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Old 2022-06-25, 20:55   #23
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Quote:
Originally Posted by retina View Post
√2 ≡ 3i ≡ 8i (mod 11)
Look I have made a lot of mistakes so this could be just another goof up.....but when I convert the infite series of square root of 2 to a fraction I got a division by zero.....like I said before it envolves fractions with factorials in the denomenator and numerator....
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Old 2022-06-25, 21:01   #24
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(3i)² = 3² × i² = 9 × -1 = -9 ≡ 2 (mod 11)

Last fiddled with by retina on 2022-06-25 at 21:02
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Old 2022-06-26, 18:17   #25
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There are 4 square roots mod 17; 2 real and 2 imaginary.

6² ≡ 2 (mod 17)
11² ≡ 2 (mod 17)
(7i)² ≡ 2 (mod 17)
(10i)² ≡ 2 (mod 17)

My maths teacher taught me that square roots only have 2 solutions. They were wrong.

Are there any prime moduli that have more than 4 square roots?
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Old 2022-06-26, 19:10   #26
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Quote:
Originally Posted by retina View Post
There are 4 square roots mod 17; 2 real and 2 imaginary.

6² ≡ 2 (mod 17)
11² ≡ 2 (mod 17)
(7i)² ≡ 2 (mod 17)
(10i)² ≡ 2 (mod 17)

My maths teacher taught me that square roots only have 2 solutions. They were wrong.

Are there any prime moduli that have more than 4 square roots?
The theorem that says a polynomial has at most as many roots as its degree only holds over integral domains, i.e. rings in which it is impossible for two non-zero elements to multiply to zero. Examples of integral domains include the integers, the reals, the complex numbers, the integers mod p for any prime p, the Gaussian integers mod 11... but not the Gaussian integers mod 17.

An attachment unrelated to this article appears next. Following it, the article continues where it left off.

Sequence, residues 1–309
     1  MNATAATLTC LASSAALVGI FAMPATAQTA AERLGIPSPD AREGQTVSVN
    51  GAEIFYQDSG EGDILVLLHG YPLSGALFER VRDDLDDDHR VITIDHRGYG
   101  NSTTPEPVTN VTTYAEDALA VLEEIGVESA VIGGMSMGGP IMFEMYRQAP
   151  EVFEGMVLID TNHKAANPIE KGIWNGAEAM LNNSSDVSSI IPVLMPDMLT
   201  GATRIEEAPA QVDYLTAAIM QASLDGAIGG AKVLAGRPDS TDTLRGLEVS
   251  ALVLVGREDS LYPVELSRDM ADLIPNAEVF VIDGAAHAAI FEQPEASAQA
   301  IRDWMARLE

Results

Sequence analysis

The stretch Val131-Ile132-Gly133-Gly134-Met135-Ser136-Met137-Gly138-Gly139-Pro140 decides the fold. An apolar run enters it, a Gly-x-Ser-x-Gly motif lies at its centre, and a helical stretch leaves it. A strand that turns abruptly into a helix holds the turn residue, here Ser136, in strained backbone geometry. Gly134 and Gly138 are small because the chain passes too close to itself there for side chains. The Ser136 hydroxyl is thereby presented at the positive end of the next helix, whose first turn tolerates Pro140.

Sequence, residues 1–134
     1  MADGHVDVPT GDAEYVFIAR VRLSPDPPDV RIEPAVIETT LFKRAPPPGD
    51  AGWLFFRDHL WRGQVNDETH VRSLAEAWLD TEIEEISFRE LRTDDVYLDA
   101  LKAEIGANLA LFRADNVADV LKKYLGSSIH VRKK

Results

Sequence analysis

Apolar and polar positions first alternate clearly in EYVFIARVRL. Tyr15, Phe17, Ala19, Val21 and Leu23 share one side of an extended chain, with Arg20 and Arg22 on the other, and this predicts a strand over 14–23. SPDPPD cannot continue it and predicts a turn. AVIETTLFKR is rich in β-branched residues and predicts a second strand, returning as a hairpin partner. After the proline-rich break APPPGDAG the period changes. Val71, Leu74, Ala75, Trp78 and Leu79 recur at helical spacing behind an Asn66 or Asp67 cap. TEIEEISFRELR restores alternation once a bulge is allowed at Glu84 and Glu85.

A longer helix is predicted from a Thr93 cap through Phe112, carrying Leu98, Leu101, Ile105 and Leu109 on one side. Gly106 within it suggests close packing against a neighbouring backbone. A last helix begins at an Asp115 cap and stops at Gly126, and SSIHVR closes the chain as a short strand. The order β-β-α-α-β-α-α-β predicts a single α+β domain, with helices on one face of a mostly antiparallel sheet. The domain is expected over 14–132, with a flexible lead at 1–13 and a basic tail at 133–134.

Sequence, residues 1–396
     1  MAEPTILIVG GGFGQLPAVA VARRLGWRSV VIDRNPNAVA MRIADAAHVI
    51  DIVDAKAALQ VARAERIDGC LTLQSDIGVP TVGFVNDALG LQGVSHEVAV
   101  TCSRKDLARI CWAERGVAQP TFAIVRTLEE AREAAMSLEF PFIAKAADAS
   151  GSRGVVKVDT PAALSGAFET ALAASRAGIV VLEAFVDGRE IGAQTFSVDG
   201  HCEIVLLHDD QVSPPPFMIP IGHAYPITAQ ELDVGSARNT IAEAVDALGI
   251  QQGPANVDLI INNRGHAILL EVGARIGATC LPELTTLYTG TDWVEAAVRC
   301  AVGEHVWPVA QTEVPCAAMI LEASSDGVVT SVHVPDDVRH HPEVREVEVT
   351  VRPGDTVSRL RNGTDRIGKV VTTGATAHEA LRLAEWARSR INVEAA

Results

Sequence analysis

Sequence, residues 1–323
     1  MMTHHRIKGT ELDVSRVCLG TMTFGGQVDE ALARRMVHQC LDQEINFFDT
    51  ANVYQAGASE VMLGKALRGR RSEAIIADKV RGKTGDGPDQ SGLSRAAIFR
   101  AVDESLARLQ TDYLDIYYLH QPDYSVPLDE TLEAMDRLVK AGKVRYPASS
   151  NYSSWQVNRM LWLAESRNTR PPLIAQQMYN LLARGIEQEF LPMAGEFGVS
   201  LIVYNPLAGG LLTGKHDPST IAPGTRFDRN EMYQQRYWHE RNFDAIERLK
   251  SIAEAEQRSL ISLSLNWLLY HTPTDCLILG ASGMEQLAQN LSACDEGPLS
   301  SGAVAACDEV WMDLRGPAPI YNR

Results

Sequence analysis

The Gaussian integers mod 17 are not an integral domain for the same reason that the ordinary integers mod a composite number are not an integral domain. Once you allow i, 17 isn't a prime anymore, as it is equal to 4^2 + 1^2 = (4+i)(4-i). So in the Gaussians mod 17, (4+i)(4-i) ≡ 0. This will happen for every prime of the form 1 mod 4, as they can all be represented as a sum of two squares.

Now the equation x^2 ≡ 2 (mod 17) reduces to the two equations x^2 ≡ 2 (mod 4+i) and x^2 ≡ 2 (mod 4-i). 4+i and 4-i are both Gaussian primes (they have to be, since their norm 17 is a prime) and so each equation has at most two solutions. In this case both actually do have two solutions, and this results in four solutions mod 17.

There will never be more than 4 solutions for a prime modulus. Prime factorization over the Gaussians is unique. If p is 3 mod 4 then p is prime over the Gaussians too, so the Gaussians mod p are an integral domain and a quadratic has at most 2 solutions. If p is 1 mod 4, then p = a^2 + b^2 = (a+bi)(a-bi), and both a+bi and a-bi have norm p and are therefore Gaussian primes. So a polynomial equation mod p reduces to equations mod a+bi and a-bi, and each has at most as many solutions as the degree of the polynomial. Combining these, we get that the number of solutions mod p is at most degree^2.
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Old 2022-06-27, 02:20   #27
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Quote:
Originally Posted by retina View Post
There are 4 square roots mod 17; 2 real and 2 imaginary.

6² ≡ 2 (mod 17)
11² ≡ 2 (mod 17)
(7i)² ≡ 2 (mod 17)
(10i)² ≡ 2 (mod 17)

My maths teacher taught me that square roots only have 2 solutions. They were wrong.

Are there any prime moduli that have more than 4 square roots?